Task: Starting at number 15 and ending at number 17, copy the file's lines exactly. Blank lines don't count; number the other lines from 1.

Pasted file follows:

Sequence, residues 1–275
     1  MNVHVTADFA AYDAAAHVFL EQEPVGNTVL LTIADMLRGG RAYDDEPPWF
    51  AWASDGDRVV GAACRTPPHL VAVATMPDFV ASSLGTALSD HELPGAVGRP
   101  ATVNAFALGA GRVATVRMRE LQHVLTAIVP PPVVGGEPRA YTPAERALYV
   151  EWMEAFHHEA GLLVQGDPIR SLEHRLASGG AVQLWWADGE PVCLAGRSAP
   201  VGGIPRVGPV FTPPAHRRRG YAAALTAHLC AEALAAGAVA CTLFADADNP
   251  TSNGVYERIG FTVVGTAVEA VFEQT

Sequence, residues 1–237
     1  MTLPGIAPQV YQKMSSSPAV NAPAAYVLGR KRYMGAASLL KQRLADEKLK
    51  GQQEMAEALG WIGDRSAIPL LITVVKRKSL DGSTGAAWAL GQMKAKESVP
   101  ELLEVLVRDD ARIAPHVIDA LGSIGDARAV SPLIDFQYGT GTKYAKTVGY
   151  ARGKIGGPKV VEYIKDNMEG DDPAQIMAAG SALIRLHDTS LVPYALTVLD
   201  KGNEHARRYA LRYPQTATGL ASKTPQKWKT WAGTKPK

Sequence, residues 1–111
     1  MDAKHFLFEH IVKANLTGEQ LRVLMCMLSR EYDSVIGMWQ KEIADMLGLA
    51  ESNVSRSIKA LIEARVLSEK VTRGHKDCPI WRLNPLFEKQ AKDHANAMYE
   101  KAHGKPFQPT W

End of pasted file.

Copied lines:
     1  MDAKHFLFEH IVKANLTGEQ LRVLMCMLSR EYDSVIGMWQ KEIADMLGLA
    51  ESNVSRSIKA LIEARVLSEK VTRGHKDCPI WRLNPLFEKQ AKDHANAMYE
   101  KAHGKPFQPT W